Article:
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Planet and the Bottom Line: What’s the Future of Sustainability in Food and Beverage?

November 17, 20222 min
Lauren Daniels photo
Lauren Daniels Tastewise

Welcome to Tastewise Talks, a series of conversations between Tastewise CEO Alon Chen and insightful thought leaders in the food and beverage industry.

Tastewise Talks: Sustainability and Your Bottom Line with Taylor Sokol

On October 25th, 2022, Alon Chen, Tastewise CEO, and Taylor Sokol, strategic partnerships at Impossible Foods, sat down for a Tastewise Talk with Miriam Aniel, Head of Content and Research at Tastewise. They spoke about all things sustainability, from its role in the plant-based space, what it means for business bottom lines, the present and future of sustainable and plant based food choices, and more.

Tastewise is the AI platform food brands use to make smarter decisions for a healthy, sustainable, and delicious future. It gives sales, marketing, and insights teams the data they need to make an impact on the market by compiling global data sources, including home cooking analytics, social media, and millions of restaurants and their menu items to bring the freshest ingredients. Tastewise brings a unique perspective on plant-based foods through their own data and analytics.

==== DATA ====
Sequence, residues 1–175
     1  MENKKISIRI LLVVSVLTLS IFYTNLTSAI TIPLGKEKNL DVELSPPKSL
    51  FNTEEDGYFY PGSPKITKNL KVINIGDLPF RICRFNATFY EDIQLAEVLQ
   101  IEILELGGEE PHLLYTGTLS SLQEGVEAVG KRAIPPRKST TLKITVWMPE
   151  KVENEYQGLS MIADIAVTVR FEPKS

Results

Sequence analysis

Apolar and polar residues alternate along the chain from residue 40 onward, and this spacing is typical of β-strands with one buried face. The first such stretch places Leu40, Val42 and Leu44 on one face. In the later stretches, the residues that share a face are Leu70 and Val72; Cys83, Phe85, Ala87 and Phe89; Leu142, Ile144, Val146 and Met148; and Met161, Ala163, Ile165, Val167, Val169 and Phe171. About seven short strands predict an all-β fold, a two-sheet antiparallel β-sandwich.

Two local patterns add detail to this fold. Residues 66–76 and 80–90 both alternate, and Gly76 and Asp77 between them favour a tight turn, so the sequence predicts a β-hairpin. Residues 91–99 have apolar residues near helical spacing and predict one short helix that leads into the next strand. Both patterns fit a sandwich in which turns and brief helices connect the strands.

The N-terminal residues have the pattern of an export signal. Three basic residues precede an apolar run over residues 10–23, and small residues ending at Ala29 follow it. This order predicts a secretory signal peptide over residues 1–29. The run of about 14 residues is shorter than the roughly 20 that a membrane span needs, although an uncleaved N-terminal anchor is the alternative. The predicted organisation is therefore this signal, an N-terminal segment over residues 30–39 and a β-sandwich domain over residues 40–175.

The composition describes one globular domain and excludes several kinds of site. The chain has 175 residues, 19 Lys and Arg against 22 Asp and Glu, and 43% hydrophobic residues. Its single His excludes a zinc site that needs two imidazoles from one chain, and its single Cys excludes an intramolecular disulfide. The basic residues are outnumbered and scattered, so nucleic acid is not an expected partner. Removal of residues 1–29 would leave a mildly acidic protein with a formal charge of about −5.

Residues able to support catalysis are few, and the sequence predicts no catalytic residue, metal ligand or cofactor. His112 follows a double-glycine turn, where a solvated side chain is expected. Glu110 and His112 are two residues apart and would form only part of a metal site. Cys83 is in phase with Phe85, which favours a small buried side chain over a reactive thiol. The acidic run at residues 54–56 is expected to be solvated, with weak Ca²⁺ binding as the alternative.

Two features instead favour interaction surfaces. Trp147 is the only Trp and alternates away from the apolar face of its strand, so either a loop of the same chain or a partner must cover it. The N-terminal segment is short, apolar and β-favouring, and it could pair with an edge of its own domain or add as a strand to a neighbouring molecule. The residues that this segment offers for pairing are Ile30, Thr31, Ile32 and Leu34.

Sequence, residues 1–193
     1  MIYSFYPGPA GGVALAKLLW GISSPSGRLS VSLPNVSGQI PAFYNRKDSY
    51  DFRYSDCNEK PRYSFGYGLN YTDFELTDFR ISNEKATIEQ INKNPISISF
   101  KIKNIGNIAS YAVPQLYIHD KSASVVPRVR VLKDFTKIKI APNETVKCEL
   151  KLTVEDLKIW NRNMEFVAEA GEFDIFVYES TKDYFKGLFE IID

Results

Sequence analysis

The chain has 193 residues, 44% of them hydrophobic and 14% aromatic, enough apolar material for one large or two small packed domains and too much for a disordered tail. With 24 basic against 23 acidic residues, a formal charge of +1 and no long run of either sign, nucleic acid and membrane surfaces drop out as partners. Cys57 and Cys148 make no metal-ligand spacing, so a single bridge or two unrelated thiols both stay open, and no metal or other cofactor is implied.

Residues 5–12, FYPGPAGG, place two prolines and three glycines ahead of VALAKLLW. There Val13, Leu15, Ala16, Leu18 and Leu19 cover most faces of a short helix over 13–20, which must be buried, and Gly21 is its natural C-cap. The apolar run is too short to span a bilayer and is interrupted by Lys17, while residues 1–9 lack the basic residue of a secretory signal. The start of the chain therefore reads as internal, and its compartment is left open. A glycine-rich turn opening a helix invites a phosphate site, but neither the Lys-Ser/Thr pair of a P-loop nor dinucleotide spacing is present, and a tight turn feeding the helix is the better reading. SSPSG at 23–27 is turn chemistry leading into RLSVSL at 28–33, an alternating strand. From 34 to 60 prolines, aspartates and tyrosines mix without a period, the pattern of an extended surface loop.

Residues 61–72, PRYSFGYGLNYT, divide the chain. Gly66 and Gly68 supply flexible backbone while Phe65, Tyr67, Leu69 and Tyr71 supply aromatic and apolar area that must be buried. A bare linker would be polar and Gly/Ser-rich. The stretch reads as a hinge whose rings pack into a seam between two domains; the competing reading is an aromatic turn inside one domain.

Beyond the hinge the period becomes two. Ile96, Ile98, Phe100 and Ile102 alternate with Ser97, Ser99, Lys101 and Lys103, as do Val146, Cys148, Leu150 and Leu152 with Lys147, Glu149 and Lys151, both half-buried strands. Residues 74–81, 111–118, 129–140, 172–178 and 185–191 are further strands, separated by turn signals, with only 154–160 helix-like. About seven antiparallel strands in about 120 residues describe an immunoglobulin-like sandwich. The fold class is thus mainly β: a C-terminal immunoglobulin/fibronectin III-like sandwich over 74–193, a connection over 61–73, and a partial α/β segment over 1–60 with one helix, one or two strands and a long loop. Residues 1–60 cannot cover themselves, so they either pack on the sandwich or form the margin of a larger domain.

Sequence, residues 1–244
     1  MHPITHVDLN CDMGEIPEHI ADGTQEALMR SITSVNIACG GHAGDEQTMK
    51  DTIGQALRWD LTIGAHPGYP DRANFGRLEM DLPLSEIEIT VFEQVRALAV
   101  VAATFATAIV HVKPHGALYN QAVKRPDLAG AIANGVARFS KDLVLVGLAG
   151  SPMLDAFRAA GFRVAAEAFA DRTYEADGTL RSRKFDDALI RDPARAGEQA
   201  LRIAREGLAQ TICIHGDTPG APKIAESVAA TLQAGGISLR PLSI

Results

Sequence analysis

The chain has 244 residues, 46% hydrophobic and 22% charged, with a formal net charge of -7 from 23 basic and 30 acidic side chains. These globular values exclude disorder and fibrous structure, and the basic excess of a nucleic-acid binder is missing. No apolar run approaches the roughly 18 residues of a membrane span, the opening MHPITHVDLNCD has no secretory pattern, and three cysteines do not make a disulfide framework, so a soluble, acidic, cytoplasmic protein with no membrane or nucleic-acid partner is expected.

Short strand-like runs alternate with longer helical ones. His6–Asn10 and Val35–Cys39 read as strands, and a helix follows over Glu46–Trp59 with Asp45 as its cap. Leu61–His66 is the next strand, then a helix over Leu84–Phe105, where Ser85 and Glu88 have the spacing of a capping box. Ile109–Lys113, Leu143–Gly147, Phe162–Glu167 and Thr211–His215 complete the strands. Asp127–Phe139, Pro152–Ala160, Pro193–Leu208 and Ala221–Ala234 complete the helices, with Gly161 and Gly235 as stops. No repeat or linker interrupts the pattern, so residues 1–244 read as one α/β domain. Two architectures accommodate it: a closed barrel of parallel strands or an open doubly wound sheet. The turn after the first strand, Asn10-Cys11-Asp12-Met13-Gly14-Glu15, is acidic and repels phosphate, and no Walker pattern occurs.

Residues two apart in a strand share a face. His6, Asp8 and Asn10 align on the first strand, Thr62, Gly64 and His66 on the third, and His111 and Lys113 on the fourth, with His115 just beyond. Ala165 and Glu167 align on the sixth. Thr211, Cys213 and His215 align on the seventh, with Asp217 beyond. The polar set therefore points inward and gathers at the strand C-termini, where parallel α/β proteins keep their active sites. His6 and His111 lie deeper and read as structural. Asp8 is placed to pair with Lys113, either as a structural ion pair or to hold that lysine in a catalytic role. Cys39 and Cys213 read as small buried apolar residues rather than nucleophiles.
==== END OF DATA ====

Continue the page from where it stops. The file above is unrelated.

Impossible Foods makes meat, dairy, and fish from plants. Their mission is to “make the global food system truly sustainable by eliminating the need to make food from animals.” In 2016 they launched their first product, the Impossible Burger Made From Plants. They use heme, the iron-containing molecule found in plants and animals, to make their products taste like meat.

The Status of Plant-Based Food Today

If food were a country, it would be the third largest contributor to greenhouse gas emissions. Nearly half of all food we grow and produce ends up in landfills.

According to Alon Chen, food waste is number one for sustainability.

But it’s not easy to get consumers to buy into new products, even if their choices might have a significant impact on sustainability. It takes an emphasis on incentives and creative marketing to motivate consumers to make choices that are better for the environment.

Plant-based foods are leading the way in this industry, but there’s still progress to be made. Alon and Taylor spoke about how to get a business to be both environmentally sustainable while at the same time making sure it is financially sustainable.

According to our Tastewise Report on Alternative Proteins from 2021, US menus increased their mentions of plant-based meat by +1,320% since pre-pandemic and 9% of US restaurants already serve meat alternatives.

That means that plant-based products are catching on, but there’s still work to be done.

There are hopeful signs in different categories. Plant based alternatives are appearing on the market right now, but the real challenge is getting consumers to take them off the shelves and into the kitchen.

Watch the full conversation here!

Plant Based Foods On The Market Right Now

Plant-based seafood is a trending category to watch according to our report. The category is already worth 220 million US dollars. Why are people interested in plant-based seafood?

The primary consumer motivation is health-oriented, but interest in positive planetary effects is picking up steam.